Here are the winners and losers from the first quarter of 2019

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The first quarter has been a banner period for Wall Street.

The S&P 500 is up more than 12 percent this quarter and is on pace to notch its best start to a year since 1998. The broad index is also set to post its biggest one-quarter gain since 2009.

Accompanying the S&P 500 in its ride high to start off 2019 are the Dow Jones Industrial Average, Nasdaq Composite and the Russell 2000, which tracks small-cap stocks. The 30-stock Dow is up over 10 percent, while the tech-heavy Nasdaq has rallied more than 15 percent. The small-caps Russell is up nearly 14 percent.

Leading the way higher for U.S. stocks this quarter was the tech sector, which is up nearly 20 percent in the period. Tech giants Apple and Microsoft — two of the biggest publicly traded U.S. companies — rose more than 15 percent each for the quarter, but the sector’s best performer is an unlikely stock: Xerox. Shares of the copy and fax machine maker are up more than 60 percent to start off the year. They are also among the best-performing stocks in the entire S&P 500.

Other top-performing sectors include real estate, energy and industrials. Real estate got a boost from lower interest rates, while higher oil prices boosted energy. Meanwhile, optimism around U.S.-China trade negotiations lifted industrials.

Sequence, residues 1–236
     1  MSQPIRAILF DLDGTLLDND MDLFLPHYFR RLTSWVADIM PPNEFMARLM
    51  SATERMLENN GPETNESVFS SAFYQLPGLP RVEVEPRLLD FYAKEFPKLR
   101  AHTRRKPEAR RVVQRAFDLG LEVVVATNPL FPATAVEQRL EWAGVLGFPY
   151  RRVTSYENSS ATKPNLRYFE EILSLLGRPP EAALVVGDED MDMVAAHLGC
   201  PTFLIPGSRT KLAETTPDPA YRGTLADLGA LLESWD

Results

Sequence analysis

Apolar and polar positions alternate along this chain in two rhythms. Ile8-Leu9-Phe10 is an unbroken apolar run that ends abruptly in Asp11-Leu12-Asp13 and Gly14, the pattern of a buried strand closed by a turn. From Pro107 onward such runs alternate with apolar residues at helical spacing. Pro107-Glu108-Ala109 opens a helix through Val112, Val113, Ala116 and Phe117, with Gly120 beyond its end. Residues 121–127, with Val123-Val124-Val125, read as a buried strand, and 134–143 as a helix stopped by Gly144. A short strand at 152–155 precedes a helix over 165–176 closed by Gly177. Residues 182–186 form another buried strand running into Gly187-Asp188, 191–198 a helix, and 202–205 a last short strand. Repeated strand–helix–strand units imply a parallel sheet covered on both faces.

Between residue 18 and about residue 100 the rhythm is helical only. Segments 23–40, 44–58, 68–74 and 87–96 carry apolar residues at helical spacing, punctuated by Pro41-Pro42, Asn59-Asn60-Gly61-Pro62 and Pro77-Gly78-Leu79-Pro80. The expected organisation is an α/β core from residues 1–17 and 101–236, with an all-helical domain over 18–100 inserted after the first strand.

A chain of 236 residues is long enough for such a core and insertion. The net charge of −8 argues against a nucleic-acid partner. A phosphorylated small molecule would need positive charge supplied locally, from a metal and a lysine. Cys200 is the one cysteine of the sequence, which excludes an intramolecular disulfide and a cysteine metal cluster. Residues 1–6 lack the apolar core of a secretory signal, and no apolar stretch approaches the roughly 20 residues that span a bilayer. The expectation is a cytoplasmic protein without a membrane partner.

Not every sector performed as well, however. Health care and financials are the biggest laggards among S&P 500 sectors, rising around 5 percent and 7 percent, respectively.

At the individual stock level, cosmetics giant Coty and fast-casual restaurant chain Chipotle Mexican Grill are the best-performers, followed by Xerox, Hess and Xilinx. Kraft Heinz, Biogen and CenturyLink rang up the rear, as they all fell around 20 percent.

Global stocks also performed well this quarter, with Irish shares surging more than 26 percent, more than doubling the S&P 500’s performance year to date. Stocks in Greece, Italy and Canada also rose more than 12 percent each. Japan’s Nikkei index is up more than 5 percent along with Indian stocks, lagging their global counterparts.

Stocks weren’t the only assets to do well in the first quarter, however.

Lean hog futures surged around 50 percent this quarter, while gasoline and U.S. crude oil futures are both up more than 25 percent. Coffee, wheat and cocoa futures fell sharply this quarter, sliding at least 6 percent.

—CNBC’s Gina Francolla, Chris Hayes and John Schoen contributed to this report.

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